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Can anyone help regarding bullying policy at uni?

(187 Posts)
helena65 Fri 22-Feb-19 08:13:31

Is it normal procedure to called for a mediation meeting after accusations of bullying? I honestly have no idea so if if anyone has any advice I would be very grateful.
My daughter 18 has been bullied and harrased for months by 2 boys/grown men in her flat in uni student halls. She is in a flat with 3 boys and just her girls. The third boy joins in with the online bullying but is friendly at times to DDS face.
The other on FB that they have jizzed in the kettle and microwave for revenge on s flatmate.. they glare and laugh at her every day.. they put rubbish from the bins in her food cupboard. They put dirty dishes in her cupboard..they shouted at her constantly on snap chat to which she never replied..she has now blocked boy told her he was going to make her life hell till she wanted to drop out of uni.
She hasn't spoked a word to either boy since Xmas..just kept her head down and hoped it would stop. It didn''s escalating.
For background..she has ibs and anxiety and her ibs has flared up with all this stress..she has missed some lectures and at one point had to come home for a week as she couldn't stop crying and going loo.
One boy is the ring leader he has decided that DD must take the bins on a certain day even though she doesn't use the kitchen and has her own bin for any rubbish. He ties up all the bin bags on HER day as he sees it and leaves them in the kitchen..not allowing either of the other boys to take them for days..till it stinks in there and someone snaps and takes them.
DD finnally went to the deanery team to make a complain ..she got it all out and they took a statement..the woman was wonderful and very sympathetic to her situation..saying she does not have tolive this way. They took statement from the other boys too and an investigation is under way.
DD has sentproof including photos..Snapchat messages..etc.
She made it clear to the deanery team she can't be in an interview with the boys..she needed it tobe alone. She has now received an email saying the accommodation team has decided a mediation meeting for all flatmates to discuss their issues is planned for next week!
DD is now beside herself that the she has to sit across the table from the boys who have been bullying her for months whilst they simply talk it out!!
Right now she can't sleep or leave her room..her ibs will definitely not allowing her to attend that meeting...nerves and stress are massive triggers for flare ups..she also doesn't want them to see her cry and she knows she would.

Can anyone help with how she should reply to this? Has it been a waste of time going to the deanery? Since the boys gave their statement the behavior has gotten worse.. putting rubbish from the bin in her cupboard happened after their she knows they are not bothered ir worried by the investigation.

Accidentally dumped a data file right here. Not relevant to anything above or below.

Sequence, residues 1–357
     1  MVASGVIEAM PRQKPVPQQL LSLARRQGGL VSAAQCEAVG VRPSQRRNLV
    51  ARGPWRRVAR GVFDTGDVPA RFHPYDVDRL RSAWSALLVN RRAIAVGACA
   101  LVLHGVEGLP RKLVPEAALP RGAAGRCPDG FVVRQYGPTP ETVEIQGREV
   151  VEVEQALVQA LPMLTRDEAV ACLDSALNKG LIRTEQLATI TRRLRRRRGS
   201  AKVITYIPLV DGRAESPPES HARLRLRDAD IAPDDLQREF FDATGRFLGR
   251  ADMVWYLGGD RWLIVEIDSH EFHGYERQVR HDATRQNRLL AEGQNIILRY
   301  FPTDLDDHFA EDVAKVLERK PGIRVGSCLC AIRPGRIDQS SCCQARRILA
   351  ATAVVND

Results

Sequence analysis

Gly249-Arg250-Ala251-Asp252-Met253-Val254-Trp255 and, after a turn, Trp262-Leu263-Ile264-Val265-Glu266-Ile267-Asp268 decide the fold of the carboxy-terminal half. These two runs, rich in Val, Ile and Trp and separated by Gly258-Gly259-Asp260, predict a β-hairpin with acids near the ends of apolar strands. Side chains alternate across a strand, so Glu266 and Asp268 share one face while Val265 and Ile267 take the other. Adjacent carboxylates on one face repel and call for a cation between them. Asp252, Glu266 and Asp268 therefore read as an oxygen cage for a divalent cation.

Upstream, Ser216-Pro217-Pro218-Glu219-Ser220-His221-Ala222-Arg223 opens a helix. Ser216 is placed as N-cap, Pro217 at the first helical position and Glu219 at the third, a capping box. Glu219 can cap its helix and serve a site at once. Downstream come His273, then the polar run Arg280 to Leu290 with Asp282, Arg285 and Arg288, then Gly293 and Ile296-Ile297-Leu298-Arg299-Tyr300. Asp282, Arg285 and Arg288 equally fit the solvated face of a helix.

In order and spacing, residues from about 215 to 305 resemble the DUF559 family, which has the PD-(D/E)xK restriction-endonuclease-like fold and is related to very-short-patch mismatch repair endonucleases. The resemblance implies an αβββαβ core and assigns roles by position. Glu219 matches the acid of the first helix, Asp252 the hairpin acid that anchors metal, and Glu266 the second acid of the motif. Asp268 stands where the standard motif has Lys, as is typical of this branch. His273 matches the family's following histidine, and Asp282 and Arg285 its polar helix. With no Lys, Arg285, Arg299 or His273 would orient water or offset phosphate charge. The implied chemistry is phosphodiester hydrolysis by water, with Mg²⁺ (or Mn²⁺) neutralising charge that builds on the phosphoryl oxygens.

JazzyBBG Fri 22-Feb-19 08:20:41

I would think mediation would be fairly standard but can they not just offer her another room?
I had a similar situation in my final year at uni thankfully this was before the onset of social media and the perpetrator in my case would not engage in any mediation as he didn't think he was in the wrong. I just moved out. I hope she is ok.

Finfintytint Fri 22-Feb-19 08:21:24

Your poor daughter. This is being badly managed and has gone beyond any mediation. Insist she is rehoused.

SuperLoudPoppingAction Fri 22-Feb-19 08:23:14

Could she go to student welfare and/or a GP about the stress she's under and they could then advocate for her not to have to meet with them?

If it was an abusive boyfriend it wouldn't be good for her to go to mediation.
The dynamics are similar with bullying surely?

helena65 Fri 22-Feb-19 08:26:18

Thanks. She has told the deanery she doesn't want to have to move as that is what they told her they want. She doesn't want to be the girl who had yo leave. Plus she is in the only accommodation with en suites and she has to have that with her ibs. I think she hoped the boys would be told to stop and she could just get on with her life quietly. She keeps saying thatsll she live in peace. But iam notso sure these boys will do that even if told by the deanery.

helena65 Fri 22-Feb-19 08:30:31

Thanks super loud..that's what I thought too. She has asked to be referred to student counceling..but it won't be in time to get out of this meeting..she simply won't physically be able to go was hard enough getting her out of the door to the meeting that was alone.

Parthenope Fri 22-Feb-19 08:30:42

She should contact her SU welfare officer, and also see her personal tutor, especially if this has affected her attendance and may mean she's behind on assignments or likely to have to request an extension.

SuperLoudPoppingAction Fri 22-Feb-19 08:32:44

Poor her.
She's not being realistic at all.
They won't stop.

There's nothing wrong with leaving a living situation that doesn't work for you - there's no shame in it.

But I hope she's able to prove what they are doing as it's horrendous and they should be pulled up on it.

Berthatydfil Fri 22-Feb-19 08:33:35

She needs to go to her gp and student welfare. Her gp should be asked to write to the deanery to inform them of tjebaffect this is having on her health. Are any of her conditions dda?
She needs to make sure the mediators know about her medical condition and her accommodation needs.
Mediation can still take place without being in the same room.

Berthatydfil Fri 22-Feb-19 08:34:13

The effect

helena65 Fri 22-Feb-19 08:36:52

Also..she is now worried they don't believe her or think what is happening is that bad. She is worried what the boys have said in their meeting. The third boy who joins in sometimes is actually president of a student association and has a stance on anti bullying. He posts on FB how everyone should look out for their flatmates and check on them if they seem lonely or withdrawn!!! The irony!! Then he comes home and laughs in the kitchen with the other boys.. coughing manically when she comes in .and commenting on her f ING ugly PJ's under his breath..whilst she goes and cries in her room!